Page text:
Google case study

1,300 views

Published on

0 Comments
0 Likes
Statistics
Notes
  • Be the first to comment

  • Be the first to like this

No Downloads
Views
Total views
1,300
On SlideShare
0
From Embeds
0
Number of Embeds
14
Actions
Shares
0
Downloads
30
Comments
0
Likes
0
Embeds 0
No embeds

No notes for slide

Google case study

  1. 1. GOOGLE Case Study Stacia Nambiar Google hosts and develops a number of internet based services and products.Just a few of them include:G-mail, Google Maps, Google Print. It was founded in Menlo Park ,California in Septemeber 4 th 1998. Google hosts and develops a number of Internet based services and products, and generates profit primarily from advertising. The company was founded by Larry Page and Sergey Brin, often dubbed the "Google Guys"Google is the dominant search engine in the United States market, with a market share of 65.6% Google is a multinational computing and internet search technologies cooperation.
  2. 2. Free Speech <ul><li>Google search works because it relies on the millions of individuals posting links on websites to help determine which other sites offer content of value. We assess the importance of every web page using more than 200 signals and a variety of techniques, including our patented PageRank™ , which analyzes which sites have been &quot;voted&quot; to be the best sources of information by other pages across the web. </li></ul><ul><li>As the web gets bigger, this approach actually improves, as each new site is another point of information and another vote to be counted. In the same vein, we are active in open source software development, where innovation takes place through the collective effort of many programmers. Google fended off a similar anti-censorship proposal by arguing it would do more harm than good to set the terms of use in countries notorious for their hostility to free speech. In other words, a version of the Google search engine that edits out references to the Tiananmen Square massacre or a Tibet-free YouTube. </li></ul>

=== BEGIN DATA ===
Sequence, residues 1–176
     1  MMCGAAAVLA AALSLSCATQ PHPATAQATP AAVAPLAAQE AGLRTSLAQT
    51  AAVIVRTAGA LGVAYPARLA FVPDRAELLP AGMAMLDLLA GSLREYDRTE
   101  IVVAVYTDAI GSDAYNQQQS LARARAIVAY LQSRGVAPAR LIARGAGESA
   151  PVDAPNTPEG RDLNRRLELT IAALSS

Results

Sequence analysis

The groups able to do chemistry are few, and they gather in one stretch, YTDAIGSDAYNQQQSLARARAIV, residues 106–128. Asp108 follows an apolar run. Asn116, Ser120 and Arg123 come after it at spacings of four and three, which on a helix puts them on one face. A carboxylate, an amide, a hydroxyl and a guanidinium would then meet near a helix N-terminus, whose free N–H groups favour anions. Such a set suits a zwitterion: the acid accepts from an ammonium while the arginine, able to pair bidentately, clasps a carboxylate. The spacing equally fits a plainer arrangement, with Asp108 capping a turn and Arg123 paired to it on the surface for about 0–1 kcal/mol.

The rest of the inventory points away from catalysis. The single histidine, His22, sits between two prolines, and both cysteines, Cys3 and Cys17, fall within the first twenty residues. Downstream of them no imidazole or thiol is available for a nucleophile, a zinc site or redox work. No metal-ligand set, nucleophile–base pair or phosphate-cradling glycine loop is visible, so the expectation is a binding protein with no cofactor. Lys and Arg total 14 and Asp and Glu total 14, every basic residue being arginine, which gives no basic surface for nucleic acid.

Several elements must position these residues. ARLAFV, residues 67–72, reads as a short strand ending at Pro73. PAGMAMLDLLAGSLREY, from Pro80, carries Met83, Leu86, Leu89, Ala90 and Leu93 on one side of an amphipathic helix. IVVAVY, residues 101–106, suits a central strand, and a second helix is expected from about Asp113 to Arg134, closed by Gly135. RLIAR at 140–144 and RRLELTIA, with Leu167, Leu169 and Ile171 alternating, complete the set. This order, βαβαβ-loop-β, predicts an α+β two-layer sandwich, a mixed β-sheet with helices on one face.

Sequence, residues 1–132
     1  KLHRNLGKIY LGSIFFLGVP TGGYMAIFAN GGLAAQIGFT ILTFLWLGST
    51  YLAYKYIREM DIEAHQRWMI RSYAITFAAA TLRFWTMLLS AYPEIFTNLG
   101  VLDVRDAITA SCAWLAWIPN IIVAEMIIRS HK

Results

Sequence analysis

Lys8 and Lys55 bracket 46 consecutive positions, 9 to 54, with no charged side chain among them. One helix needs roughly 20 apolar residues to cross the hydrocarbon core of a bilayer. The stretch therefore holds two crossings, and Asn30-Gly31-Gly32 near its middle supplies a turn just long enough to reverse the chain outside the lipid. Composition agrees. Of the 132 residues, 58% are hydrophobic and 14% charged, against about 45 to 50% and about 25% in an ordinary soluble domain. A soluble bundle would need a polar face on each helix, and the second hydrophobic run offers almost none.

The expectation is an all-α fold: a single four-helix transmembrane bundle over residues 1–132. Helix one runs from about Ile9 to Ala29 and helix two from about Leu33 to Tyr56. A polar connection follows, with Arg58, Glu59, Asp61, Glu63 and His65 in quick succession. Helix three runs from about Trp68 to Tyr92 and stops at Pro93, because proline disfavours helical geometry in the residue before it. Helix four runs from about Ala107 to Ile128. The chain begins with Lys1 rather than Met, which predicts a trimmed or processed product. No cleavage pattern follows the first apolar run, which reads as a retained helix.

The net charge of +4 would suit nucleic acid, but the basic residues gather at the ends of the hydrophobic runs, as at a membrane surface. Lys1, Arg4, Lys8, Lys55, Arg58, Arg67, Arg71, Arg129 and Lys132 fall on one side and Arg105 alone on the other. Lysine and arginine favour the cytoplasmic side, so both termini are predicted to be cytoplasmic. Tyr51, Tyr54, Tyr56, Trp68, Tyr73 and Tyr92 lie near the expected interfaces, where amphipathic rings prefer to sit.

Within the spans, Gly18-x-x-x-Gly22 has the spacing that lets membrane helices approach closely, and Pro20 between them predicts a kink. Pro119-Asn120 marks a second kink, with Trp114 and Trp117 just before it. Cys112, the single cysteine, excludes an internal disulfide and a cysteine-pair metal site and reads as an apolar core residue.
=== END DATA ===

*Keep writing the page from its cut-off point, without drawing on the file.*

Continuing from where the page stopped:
3. 3. Since 2001, Google has acquired many companies, mainly focusing on small venture capital companies. In 2004, Google acquired Keyhole, Inc. The start-up company developed a product called Earth Viewer that gave a 3-D view of the Earth. Google renamed the service to Google Earth in 2005. Two years later, Google bought the online video site You Tube for $1.65 billion in stock. Furthermore, Google reached an agreement to acquire Double Click for $3.1 billion, giving Google valuable relationships that Double Click had with Web publishers and advertising agencies.Later that same year, Google purchased Grand Central for $50 million. Institutions
  4. 4. As Google is worldwide and there is limited restriction as to what is on the site peoples views updates news simple everything that can possibly be found on the net is on Google. It shares information spread worldwide and therefore anyone who wants to search for something specific will find it via Google. The site is therefore appealing to people worldwide, those who are interested not only in the 21 st century but it is used as a gadget for many tools not only a search engine and so it is very useful and easily accessible. On May 27, 2009, Google announced plans to develop Google Wave, a product that helps users communicate and collaborate on the web, where users can almost instantly communicate and work together with richly formatted text, photos, videos, maps, and much more We Think Pro Ams Google allows users to share and collaborate by acting as a search engine it enables people to visit the site and search for what they like. The kind of information that is shared is of information that involves other sites, information news updates from contacts to social networks. We Think
  5. 5. Only 12% of Google news is original open source. As Google now enables users to have a goggle account this allows them to use it as an open source where they can add to it change it however they like treat it as an open source technology. The Open Source Programs Office at Google handles both internal open source compliance and external outreach programs, including source release, open source infrastructure, the Google Summer of Code and much more. Furthermore, Google will take a step towards license-free web video playback next month when it open sources the leading video codec from a company it just acquired for $124.6 million. Open Source
  6. 6. Susan Freedman, a copyright expert at law firm Nixon Peabody, says that &quot;Google is pushing at the boundaries of what these laws mean&quot;. As visual artists sue Google over copyright. One of the more controversial search services Google hosts is Google Books. The company began scanning books and uploading limited previews, and full books where allowed, into their new book search engine. However, a number of copyright disputes arose, and Google reached a revised settlement in 2009 to limit its scans to books from the U.S. Copyright